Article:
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No matter the season, California’s High Sierra region offers an adventurous playground full of natural beauty and attractions. For outdoor adventurers to casual landscape road-trippers, the thrilling panorama of mountain ranges and calm lakes provide a picturesque paradise offering days of exploration. Frequent travellers may already be familiar with Lake Tahoe, Mammoth Mountain, Yosemite, and Sequoia and Kings Canyon National Parks, but there’s a world of possibilities in and around these majestic areas. Whether you’re a culture seeker or an adrenaline junkie, you’ll find year-round destinations perfect for exploring – perhaps best accomplished by trying one of these three road trip itineraries (or combine two or three) for a whirlwind High Sierra adventure.
Road Trip Itinerary 1: Lake Tahoe-Truckee Region
Start: Donner Summit | End: Heavenly, South Lake Tahoe
Suggested route: Donner Summit - Squaw Valley - Hellman-Ehrman Mansion - Emerald Bay - Heavenly, South Lake Tahoe
Distance: 76 miles / 122 km
Duration: 1-2 days
Best time of year to avoid crowds: spring or fall
Josiah Q. Roe
The Lake Tahoe area is a fabulous destination year-round, though you’ll find peak season is July and August. Start your Lake Tahoe road trip by visiting Donner Summit. Donner Summit and the deep emerald lake at its feet both bear the name of the tragic emigrant party crossing Donner Pass, whose story is wonderfully displayed at the Donner Lake Museum located at the bottom of the summit. Today, Donner Summit and the Donner Pass are known for hiking trails, biking trails and endless views. Donner is just a few minutes from downtown Truckee and only another 20 minutes from the shores of Lake Tahoe.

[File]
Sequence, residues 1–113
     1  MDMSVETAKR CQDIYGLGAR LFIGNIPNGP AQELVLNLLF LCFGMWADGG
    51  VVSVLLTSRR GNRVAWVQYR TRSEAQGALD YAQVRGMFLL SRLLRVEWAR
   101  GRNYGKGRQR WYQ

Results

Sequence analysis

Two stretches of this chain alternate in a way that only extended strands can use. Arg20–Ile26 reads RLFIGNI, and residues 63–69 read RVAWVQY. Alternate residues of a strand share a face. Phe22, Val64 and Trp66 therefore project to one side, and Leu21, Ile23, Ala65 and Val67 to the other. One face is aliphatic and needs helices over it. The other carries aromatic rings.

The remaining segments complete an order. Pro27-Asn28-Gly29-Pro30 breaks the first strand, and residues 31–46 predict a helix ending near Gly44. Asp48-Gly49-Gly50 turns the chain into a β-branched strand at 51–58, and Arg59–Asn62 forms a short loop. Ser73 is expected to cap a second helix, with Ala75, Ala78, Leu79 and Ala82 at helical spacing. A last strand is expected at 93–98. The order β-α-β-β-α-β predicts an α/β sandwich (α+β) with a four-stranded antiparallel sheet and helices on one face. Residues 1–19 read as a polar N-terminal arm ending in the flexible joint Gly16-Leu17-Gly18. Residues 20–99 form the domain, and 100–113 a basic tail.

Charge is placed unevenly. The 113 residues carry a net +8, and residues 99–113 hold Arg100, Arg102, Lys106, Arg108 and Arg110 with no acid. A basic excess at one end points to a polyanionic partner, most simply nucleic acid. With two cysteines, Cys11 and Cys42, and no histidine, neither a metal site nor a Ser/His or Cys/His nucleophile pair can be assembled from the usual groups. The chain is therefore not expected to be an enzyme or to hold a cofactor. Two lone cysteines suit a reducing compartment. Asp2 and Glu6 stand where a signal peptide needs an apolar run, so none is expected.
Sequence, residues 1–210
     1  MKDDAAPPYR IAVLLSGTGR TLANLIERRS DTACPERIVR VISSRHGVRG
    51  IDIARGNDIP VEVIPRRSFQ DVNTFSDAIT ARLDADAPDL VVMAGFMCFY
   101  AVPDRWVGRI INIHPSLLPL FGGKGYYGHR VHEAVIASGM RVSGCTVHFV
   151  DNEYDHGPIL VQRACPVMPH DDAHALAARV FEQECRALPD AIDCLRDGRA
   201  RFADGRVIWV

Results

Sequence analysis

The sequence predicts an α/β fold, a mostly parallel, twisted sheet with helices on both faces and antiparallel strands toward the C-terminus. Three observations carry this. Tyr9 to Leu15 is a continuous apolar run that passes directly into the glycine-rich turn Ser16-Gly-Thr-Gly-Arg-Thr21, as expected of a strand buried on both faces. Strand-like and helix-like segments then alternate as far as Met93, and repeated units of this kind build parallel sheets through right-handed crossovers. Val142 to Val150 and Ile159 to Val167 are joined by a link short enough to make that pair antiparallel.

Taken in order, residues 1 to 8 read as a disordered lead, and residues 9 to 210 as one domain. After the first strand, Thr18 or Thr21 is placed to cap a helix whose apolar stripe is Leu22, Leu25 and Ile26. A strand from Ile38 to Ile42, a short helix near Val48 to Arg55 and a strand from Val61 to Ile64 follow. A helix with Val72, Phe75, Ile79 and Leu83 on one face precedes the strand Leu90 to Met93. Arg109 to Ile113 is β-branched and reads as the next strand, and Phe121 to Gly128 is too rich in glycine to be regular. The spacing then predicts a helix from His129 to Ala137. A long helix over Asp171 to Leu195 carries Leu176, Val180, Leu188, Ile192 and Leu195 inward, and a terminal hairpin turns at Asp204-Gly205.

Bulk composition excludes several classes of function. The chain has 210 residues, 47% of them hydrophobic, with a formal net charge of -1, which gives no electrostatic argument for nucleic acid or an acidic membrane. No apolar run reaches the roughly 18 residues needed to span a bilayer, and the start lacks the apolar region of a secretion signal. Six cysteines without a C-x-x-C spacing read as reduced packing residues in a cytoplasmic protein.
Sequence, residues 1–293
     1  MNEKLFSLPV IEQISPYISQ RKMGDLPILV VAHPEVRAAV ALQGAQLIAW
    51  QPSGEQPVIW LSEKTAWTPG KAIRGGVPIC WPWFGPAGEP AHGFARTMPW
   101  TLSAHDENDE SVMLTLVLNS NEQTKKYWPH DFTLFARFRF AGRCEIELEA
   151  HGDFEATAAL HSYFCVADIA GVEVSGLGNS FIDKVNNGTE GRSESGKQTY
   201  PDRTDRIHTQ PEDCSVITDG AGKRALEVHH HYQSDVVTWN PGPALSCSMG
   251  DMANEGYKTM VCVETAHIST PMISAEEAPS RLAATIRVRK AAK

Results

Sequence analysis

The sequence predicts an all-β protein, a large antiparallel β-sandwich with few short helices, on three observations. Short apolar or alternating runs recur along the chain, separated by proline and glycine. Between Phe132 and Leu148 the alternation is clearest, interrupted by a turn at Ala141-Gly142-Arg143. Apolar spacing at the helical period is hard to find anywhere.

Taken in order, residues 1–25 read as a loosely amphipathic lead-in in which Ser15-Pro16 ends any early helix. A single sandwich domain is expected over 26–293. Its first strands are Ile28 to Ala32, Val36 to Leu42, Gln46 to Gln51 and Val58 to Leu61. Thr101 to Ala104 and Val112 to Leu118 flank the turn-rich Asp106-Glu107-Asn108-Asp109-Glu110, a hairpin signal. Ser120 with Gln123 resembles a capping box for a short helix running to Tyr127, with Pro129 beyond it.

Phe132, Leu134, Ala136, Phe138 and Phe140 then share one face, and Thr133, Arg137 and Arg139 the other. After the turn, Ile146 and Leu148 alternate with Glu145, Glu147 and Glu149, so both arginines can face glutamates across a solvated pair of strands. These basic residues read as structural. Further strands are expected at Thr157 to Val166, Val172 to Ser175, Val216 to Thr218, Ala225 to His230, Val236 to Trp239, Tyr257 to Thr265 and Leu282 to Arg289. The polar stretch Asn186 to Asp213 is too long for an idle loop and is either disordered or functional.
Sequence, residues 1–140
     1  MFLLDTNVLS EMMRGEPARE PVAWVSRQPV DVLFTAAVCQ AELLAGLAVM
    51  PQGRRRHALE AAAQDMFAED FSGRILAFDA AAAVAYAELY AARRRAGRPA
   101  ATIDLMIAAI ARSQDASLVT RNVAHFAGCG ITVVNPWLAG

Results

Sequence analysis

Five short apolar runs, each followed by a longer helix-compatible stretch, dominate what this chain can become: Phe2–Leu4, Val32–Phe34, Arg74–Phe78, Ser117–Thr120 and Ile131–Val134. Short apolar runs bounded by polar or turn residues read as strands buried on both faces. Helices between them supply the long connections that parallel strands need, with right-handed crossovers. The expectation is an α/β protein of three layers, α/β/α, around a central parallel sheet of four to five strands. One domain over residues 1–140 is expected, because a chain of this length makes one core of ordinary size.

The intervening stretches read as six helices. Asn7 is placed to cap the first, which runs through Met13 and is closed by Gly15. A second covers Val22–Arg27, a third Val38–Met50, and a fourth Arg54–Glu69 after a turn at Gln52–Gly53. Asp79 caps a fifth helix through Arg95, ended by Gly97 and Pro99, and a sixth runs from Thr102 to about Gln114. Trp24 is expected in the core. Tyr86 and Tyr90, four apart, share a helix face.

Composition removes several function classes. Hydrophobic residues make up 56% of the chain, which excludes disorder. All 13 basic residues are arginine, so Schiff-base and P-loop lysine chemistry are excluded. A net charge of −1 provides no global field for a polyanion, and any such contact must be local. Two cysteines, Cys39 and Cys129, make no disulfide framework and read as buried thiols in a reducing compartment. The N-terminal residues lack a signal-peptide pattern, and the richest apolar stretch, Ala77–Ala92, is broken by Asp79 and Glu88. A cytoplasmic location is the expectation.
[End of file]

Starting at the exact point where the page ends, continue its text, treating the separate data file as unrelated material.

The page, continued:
For a great outing of scenery and sights, visit Squaw Valley USA, home of the 1960 Winter Olympics. Squaw Valley | Alpine Meadows is one of North Lake Tahoe’s mountainside communities, offering individual style, restaurants, shopping, skiing, snow tubing, hiking, tram rides and more. This is a must-see when you are in Lake Tahoe – take the Aerial Tram ride up to the top of the mountain for 180-degree views of Lake Tahoe and visit the free Olympic Museum to see some of Squaw Valley’s history.
From Emerald Bay, take the short drive past Taylor Creek, the Tallac Historic Site and Taylor into South Lake Tahoe to visit Heavenly Mountain Resort. The gondola is open year-round for skiing and snowboarding in the winter and in the summer for sightseeing with unrivalled views up above Lake Tahoe.
Heavenly Mountain Resort
The Lake Tahoe-Truckee region offers a great mix of year-round outdoor adventure, sightseeing, and shopping. Summers are great for kayaking, boating, and other water sports, while fall and spring are excellent times to hike and bike the trails or backpack through parks.
Road Trip Itinerary 2: Eastern Sierra
Start: Bodie | End: Death Valley National Park
Jeff Sullivan Photography
Suggested route: Bodie - Mono Lake - Mammoth Lakes - Bishop - Death Valley National Park
Distance: 265 miles / 427 km
Duration: 3-4 days
Best time of year to avoid crowds: May/June and September/October (Travellers should note that mountain passes (SR 120 W/108/89) close due to snow, usually from mid-November to late May)
Drive the State-designated Scenic Byway US 395 along the east flank of the Sierra Nevada mountain range, as you head to Bodie State Historic Park, the west’s largest unrestored gold-mining ghost town. Then visit Mono Lake to see the photogenic limestone tufa towers and birdlife of this vast, salt-water lake. (Yosemite National Park’s east entrance is just 19 km (12 miles) west.)